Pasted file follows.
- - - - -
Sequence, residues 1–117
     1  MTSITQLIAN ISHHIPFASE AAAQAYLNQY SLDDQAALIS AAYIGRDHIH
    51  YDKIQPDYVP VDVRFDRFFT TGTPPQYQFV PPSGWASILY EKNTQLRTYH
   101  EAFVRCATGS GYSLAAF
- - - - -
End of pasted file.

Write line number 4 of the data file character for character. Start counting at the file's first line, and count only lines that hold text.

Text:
   101  EAFVRCATGS GYSLAAF